We know that the stability of the given closed loop system depends upon the location of the roots of the characteristics equation. That is the location of the closed loop poles. If we change some parameter of a system, then the location of closed loop pole changes in ‘s’ plane. The study of this locus (of moving pole in ‘s’ plane) because of variation of any parameter of the system is very important while designing any closed loop system.

This movement of poles in ‘s’ plane is called as ‘Root Locus’.

This method was invented by W.R. Evans in 1948.

Root Locus is a simple graphical method for determining the roots of the characteristic equation. It can be drawn by varying the parameter (generally gain of the system but there are also other parameters that can be varied) from zero to infinity.

### Root Locus Method with step by step solution

General steps for drawing the Root Locus of the given system:

- Determine the open loop poles, zeros and a number of branches from given G(s)H(s).
- Draw the pole-zero plot and determine the region of real axis for which the root locus exists. Also, determine the number of breakaway points (This will be explained while solving the problems).
- Calculate the angle of asymptotes.
- Determine the centroid.
- Calculate the breakaway points (if any).
- Calculate the intersection point of root locus with the imaginary axis.
- Calculate the angle of departure or angle of arrivals if any.
- From above steps draw the overall sketch of the root locus.
- Predict the stability and performance of the given system by the root locus.

## Solved Problem on Root Locus:

Question: For a unity feedback system, G(s) = K/[s(s+4)(s+2)]. Sketch the nature of root locus showing all details on it. Comment on the stability of the system.

Solution:

Given system is unity feedback system. Therefore H(s) = 1.

Therefore G(s) H(s) = K/[s(s+4)(s+2)].

**Step 1:**

Poles = 0, -4, -2. Therefore P=3.

Zeros = there are no zeros. Z=0.

So all (P-Z=3) branches terminate at infinity.

**Step 2: Pole-zero plot and sections of the real axis.**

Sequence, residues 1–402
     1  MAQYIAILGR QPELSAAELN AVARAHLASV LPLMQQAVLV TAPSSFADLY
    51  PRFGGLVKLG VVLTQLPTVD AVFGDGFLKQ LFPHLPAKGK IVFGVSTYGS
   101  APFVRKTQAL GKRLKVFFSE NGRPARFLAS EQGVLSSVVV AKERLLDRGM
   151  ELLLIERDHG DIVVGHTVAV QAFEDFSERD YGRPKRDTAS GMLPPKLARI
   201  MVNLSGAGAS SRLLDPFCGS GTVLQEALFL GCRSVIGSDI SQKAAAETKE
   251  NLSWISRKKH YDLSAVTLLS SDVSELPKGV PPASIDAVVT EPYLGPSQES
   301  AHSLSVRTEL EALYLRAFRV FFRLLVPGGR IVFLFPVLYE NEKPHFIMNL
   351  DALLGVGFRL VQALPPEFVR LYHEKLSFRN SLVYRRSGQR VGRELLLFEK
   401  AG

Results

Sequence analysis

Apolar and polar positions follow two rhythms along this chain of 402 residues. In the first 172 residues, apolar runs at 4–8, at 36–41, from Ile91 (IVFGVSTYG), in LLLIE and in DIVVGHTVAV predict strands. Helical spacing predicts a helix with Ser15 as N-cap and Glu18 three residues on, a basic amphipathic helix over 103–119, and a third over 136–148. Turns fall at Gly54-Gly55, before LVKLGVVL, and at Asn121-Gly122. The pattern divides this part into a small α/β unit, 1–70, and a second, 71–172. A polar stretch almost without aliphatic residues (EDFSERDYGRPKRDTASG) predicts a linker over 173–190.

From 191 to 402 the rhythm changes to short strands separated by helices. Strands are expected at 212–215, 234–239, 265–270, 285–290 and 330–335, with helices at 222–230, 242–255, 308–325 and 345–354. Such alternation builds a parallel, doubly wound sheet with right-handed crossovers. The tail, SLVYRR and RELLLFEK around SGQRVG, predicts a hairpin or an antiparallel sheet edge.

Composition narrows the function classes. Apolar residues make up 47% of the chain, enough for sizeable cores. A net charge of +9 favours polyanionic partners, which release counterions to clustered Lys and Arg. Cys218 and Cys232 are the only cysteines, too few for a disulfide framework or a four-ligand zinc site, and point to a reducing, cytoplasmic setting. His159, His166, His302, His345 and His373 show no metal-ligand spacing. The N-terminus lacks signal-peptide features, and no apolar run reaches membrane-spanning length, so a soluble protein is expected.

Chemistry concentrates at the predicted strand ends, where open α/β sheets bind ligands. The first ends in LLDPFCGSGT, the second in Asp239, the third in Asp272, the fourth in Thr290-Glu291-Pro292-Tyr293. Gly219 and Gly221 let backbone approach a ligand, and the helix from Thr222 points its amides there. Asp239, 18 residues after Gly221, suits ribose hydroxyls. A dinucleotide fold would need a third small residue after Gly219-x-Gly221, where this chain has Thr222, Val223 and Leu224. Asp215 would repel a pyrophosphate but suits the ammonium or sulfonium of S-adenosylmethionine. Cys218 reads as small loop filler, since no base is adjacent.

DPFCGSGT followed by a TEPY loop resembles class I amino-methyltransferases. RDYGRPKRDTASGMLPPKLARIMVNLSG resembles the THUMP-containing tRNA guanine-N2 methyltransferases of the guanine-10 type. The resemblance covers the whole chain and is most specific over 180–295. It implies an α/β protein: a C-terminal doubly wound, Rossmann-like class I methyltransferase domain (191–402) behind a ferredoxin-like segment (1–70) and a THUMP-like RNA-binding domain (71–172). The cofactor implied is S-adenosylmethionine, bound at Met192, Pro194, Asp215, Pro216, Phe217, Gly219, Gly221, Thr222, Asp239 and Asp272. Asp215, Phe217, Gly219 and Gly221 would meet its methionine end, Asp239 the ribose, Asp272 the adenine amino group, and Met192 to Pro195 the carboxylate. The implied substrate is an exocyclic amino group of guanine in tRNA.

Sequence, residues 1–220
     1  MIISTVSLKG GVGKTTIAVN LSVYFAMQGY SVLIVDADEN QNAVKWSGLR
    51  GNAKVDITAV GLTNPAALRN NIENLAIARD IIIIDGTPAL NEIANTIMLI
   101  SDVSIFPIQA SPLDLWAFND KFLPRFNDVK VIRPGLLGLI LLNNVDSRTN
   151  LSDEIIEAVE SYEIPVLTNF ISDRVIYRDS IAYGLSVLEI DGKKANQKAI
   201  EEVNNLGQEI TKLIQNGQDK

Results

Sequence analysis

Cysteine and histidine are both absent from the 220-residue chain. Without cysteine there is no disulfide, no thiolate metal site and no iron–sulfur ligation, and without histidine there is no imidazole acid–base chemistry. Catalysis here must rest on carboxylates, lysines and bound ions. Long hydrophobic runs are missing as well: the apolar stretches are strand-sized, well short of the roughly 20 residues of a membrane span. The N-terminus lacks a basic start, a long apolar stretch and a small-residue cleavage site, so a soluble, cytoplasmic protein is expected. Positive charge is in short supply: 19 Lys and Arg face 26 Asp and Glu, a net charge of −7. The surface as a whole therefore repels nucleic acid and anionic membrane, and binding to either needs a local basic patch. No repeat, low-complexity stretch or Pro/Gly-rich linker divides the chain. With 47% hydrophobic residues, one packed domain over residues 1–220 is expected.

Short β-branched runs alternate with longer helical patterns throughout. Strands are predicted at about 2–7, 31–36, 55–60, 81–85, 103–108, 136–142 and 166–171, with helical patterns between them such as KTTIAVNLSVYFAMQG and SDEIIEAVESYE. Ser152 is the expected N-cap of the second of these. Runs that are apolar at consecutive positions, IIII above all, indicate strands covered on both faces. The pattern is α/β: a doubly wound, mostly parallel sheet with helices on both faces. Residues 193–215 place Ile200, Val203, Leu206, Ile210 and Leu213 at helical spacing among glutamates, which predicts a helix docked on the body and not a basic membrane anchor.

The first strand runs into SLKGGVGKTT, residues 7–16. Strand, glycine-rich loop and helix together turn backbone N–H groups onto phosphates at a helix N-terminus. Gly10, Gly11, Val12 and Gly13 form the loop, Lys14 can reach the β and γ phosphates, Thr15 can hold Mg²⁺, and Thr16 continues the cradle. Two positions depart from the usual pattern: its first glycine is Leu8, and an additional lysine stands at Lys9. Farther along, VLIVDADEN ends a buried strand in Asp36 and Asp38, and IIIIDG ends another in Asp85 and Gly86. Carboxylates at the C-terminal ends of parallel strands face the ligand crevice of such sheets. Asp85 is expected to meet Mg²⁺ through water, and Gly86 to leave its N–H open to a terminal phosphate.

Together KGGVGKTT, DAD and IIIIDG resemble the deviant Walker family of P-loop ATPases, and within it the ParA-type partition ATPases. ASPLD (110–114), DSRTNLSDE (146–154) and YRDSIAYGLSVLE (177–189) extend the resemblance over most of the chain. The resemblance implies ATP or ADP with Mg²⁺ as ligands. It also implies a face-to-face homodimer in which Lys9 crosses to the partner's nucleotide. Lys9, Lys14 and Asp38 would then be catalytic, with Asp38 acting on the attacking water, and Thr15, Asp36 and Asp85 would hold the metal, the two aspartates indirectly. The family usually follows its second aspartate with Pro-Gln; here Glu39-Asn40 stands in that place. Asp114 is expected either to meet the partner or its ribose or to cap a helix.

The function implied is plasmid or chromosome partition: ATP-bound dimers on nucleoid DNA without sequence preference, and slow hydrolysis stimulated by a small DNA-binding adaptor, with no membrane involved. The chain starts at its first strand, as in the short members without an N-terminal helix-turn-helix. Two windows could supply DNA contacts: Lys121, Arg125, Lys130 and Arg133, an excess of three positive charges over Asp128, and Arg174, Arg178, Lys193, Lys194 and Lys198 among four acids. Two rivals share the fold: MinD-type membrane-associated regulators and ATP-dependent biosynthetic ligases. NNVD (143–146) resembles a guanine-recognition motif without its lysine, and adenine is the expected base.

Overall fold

The pole-zero plot of the system is shown in the figure below. Here RL denotes Root Locus existence region and NRL denotes the non-existence region of root locus.

These sections of real axis identified as a part of the root locus as to the right sum of poles and zeros is odd for those sections.

**Step 3: Angle of asymptotes**

‘A line to which root locus touches at infinity is called asymptotes.’

Number of asymptotes = P-Z = 3. Therefore 3 asymptotes are approaching to infinity.

**Step 4: Centroid or Centre of asymptotes.**

Asymptote touches real axis at a point called centroid.

Branches will approach infinity along these lines which are asymptotes.

**Step 5: To find a breakaway point, we have the characteristic equation as,**

As there is no root locus between -2 to -4, -3.15 can not be a breakaway point. it also can be confirmed by calculating ‘K’ for s = -3.15. It will be negative that confirms s = -3.15 is not a breakaway point.

For s = -3.15, K = -3.079 (Substituting in equation for K). But as there has to be breakaway point between’0’and ‘-2’, s = – 0.845 is a valid breakaway point.

For s = -0.845 K = +3.079. As K is positive s = – 0.845 is valid breakaway point.

**Step 6: Intersection point with the imaginary axis.**

Characteristic equation

s^3+6s^2 +8s+K = 0

Routh’s array:

Intersection of root locus with imaginary axis is at ±j2.828 and corresponding value of K(marginal) = 48.

**Step 7:** As there are no complex conjugate poles or zeros, no angles of departures or arrivals are required to be calculated.

**Step 8:** The complete root locus is as shown in the figure below.

**Step 9: Prediction of stability:**

For 0 < K < 48, all the roots are in left half of s-plane hence the system is absolutely stable.

For K(marginal) = +48, a pair of dominant roots on imaginary axis with remaining root in left half. So the system is marginally stable oscillating at 2.82 rad/sec. For 48 < K < 8, dominant roots are located in right half of s-plane hence system is unstable.

Stability is predicted by locations of dominant roots. Dominant roots are those which are located closest to the imaginary axis.

### MATLAB Program for Root Locus Method:

%AIM: To plot the root locus of given transfer function %Created by : myclassbook.org clc; clear all; close all; s=tf('s'); k=1; G=k/(s*(s+4)*(s+2)) rlocus(G)

### You may also like:

- How to draw bode plot in control system.
- Mason’s gain formula for determining the overall gain of the system (with example).
- Block diagram algebra (Block diagram reduction).
- Effects of addition of poles and zeros to closed loop transfer function.
- Addition of poles and zeros to the forward path transfer function.

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